June 20, 2020. From my email to her on her book Salvador’s Children. A Song for Survival (which she wrote under the pen name Lea Marenn): “This is a powerful book, as difficult to put down, as it is difficult to get through, provoking grief and anger, but also encouraging as a beautiful narrative of a complex, and loving adoption. The shifts from lyrical passages to matter-of-fact descriptions of extreme violence, both shocking and effective, are part of its power.”
June 22, 2020. Two days later Helen’s reply: “I’m so glad you read this book, especially since you met Maria a few years ago. Needless to say, the trauma of a childhood experience such as hers remains throughout one’s life, but ever since Maria quit her library job and now works as an artist at home, she is so much happier and free of the anxiety that plagued her for so long.”
July 25, 2020. About Alexandria Ocasio-Cortez: “So wise, so brave, so eloquent, a Rosa Luxemburg for our own time.”
June 12, 2021. About Anna Seghers: “At times like these I like to remember that 100 years after Heine’s death there was still controversy about him among the city fathers of Düsseldorf. Seghers is a bit ahead and by 2083 she, like Heine, will be counted among the very greatest German writers from Goethe to the Manns. At least she already has the start of a Werkausgabe, Heine had to wait till after 1945.”
December 31, 2021. Getting ready to move to Albuquerque: “We are very busy with packing and signing official papers. Maria and I just listened to Simon and Garfunkel ‘Hello Darkness My Old Friend’ and some other songs, how beautiful, brought tears to my eyes. So much was brought to light creatively in response to the war in Vietnam!”
July 2, 2022. On her new home in Albuquerque: “But as everywhere in this city, the people are open and friendly. Nowhere do I seem to encounter the kind of bloated Trumpists of which there are so many in Ohio.”
A few weeks before Helen’s death I wrote a review of Seghers’s Die Gefährten (reissued as vol. I/1.2 of Seghers’s collected works). Here is the final paragraph of my review (translated from the German): “What would the greats of literature be without all those who, through their editorial work, preserve and transmit these works. It is a stroke of luck that Helen Fehervary, co-editor of Seghers’s collected works, is also the editor of this volume. The U.S. Germanist is a specialist on the left-wing intellectual scene in Hungary around Lukács and the Sunday Circle. Her annotations on the historical backdrop to the revolutionary events in Hungary and other countries depicted in the novel are conveyed with a sense of proportion and historical integrity. They provide a history lesson that for once is not written by the victors.”
October 12, 2021. After our friend Jost Hermand died, Helen reminded me of a phrase Hans Mayer had used to conclude his essay commemorating Anna Seghers: “Ehre ihrem Andenken”.
Für Helen. Was ich dir zum Abschied noch sagen wollte.
Sylvia Fischer, Ph.D., Berlin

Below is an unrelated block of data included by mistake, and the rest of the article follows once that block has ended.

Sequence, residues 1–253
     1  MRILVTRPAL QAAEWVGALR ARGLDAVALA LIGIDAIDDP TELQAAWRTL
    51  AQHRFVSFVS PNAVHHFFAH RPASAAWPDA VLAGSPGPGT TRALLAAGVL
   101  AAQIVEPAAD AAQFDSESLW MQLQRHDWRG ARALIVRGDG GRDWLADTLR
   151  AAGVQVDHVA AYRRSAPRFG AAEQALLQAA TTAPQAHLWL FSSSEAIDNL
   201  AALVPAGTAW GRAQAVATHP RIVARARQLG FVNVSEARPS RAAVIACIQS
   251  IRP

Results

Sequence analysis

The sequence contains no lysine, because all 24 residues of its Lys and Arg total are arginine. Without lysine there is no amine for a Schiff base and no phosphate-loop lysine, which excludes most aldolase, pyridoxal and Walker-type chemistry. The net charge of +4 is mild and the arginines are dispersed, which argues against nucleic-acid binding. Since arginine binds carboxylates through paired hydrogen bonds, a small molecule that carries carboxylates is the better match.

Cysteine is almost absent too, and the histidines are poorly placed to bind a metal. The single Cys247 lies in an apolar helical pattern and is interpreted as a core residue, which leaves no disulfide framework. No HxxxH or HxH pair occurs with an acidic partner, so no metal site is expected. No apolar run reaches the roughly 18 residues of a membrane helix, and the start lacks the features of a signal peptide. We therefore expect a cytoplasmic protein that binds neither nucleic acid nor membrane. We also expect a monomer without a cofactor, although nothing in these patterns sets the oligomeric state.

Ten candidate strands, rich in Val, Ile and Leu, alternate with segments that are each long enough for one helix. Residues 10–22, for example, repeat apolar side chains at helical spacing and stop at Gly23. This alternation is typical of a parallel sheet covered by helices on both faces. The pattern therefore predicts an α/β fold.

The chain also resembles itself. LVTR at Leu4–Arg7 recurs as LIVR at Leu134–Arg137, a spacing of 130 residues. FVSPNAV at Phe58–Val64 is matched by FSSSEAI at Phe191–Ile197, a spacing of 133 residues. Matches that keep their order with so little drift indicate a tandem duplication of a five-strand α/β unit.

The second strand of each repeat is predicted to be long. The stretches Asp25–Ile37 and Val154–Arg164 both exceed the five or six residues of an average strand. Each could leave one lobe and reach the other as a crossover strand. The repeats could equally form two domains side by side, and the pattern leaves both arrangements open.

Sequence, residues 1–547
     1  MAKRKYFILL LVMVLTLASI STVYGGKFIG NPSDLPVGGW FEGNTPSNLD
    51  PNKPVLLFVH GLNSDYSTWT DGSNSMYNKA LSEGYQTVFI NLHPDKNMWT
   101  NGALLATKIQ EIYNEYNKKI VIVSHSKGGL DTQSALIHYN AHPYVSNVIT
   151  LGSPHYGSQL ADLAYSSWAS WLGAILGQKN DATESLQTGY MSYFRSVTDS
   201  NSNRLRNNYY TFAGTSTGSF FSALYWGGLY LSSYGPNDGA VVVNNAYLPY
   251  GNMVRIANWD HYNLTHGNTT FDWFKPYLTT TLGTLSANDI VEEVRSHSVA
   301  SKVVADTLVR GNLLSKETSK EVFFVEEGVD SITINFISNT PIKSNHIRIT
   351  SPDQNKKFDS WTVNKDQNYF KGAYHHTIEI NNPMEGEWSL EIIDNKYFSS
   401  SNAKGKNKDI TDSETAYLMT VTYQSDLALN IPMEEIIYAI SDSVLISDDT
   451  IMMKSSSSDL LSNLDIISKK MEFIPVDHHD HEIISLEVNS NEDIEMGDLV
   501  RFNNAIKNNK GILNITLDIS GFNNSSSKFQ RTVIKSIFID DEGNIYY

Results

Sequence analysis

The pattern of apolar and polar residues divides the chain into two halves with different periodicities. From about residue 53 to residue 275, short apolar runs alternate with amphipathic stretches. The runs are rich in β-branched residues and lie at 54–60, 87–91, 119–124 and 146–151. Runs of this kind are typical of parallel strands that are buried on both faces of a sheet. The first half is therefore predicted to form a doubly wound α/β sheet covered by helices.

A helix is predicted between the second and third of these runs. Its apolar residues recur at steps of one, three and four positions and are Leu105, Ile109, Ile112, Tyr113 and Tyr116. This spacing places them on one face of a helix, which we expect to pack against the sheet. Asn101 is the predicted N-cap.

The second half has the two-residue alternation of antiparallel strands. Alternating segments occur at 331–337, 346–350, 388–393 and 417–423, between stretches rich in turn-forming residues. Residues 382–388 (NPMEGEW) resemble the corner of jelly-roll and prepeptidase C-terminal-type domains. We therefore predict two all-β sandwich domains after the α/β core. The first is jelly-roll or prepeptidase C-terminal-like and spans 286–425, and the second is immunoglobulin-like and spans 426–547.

Jede Begegnung mir dir war eindrücklich, intensiv, bleibend.
Du hast mich gefordert, herausgefordert, überfordert, gefördert.
Deine Stärke hat mich stärker gemacht, dein Wissen hat mich wissender gemacht, deine Begegnungen haben auch meine Erfahrungswelt reicher gemacht.
Deine Stimme in meinem Kopf, wie sie Seghers, Wolf, Müller sagt. Unverwechselbar.
Deine Kritik hat mich zuweilen getroffen.
Denn du kanntest mich, erkanntest mich. Du ließest mich mir selbst begegnen. Danke.
All das bleibt immer hier, auch wenn du gegangen bist.
I Remember Helen
Vicki Hill, Madison, April 2023
I met Helen Fehervary when we were graduate students in the German Department at UW-Madison. I have a terrible memory and have forgotten many details about my life, but I do remember that Helen seemed like the incorporation of everything I aspired to be at the time – she was intelligent, she was fun, she was political, she was sophisticated – she was EUROPEAN! Helen may have been from Albany, New York, but she was really from Budapest. I was crazy about her, and we became good friends. After completing my Ph.D., I left Germanistik for a career as librarian at Memorial Library on the UW campus and therefore didn’t read articles and books Helen wrote in the years thereafter. But I believe, as I told her, that her work on the Anna Seghers Gesamtausgabe was the most important thing she had done as a scholar and would live on for many years, long after articles written by literary scholars became dated and forgotten.
Eine unverwechselbare Stimme. Für Helen Fehervary
Dr. Sonja Hilzinger, Berlin, im April 2023
Vor etwa dreißig Jahren bin ich Helen zum ersten Mal begegnet und seitdem in größeren Abständen immer wieder, zuletzt im Sommer vorigen Jahres, als sie per Zoom der Jahrestagung der Seghers-Gesellschaft zugeschaltet war. Die Bücher und Aufsätze amerikanischer Germanist:innen über DDR- und Exil-Literatur, über Autorinnen wie Christa Wolf und Anna Seghers, waren für mich als westdeutsche Literaturwissenschaftlerin in den 1980-Jahren spannende und erkenntnisreiche Lektüren, und manchen dieser Kolleg:innen – wie Christiane Zehl Romero, Alexander Stephan, Gertraud Gutzmann und eben Helen Fehervary – begegnete ich dann persönlich bei den Tagungen der 1991 gegründeten Anna-Seghers-Gesellschaft.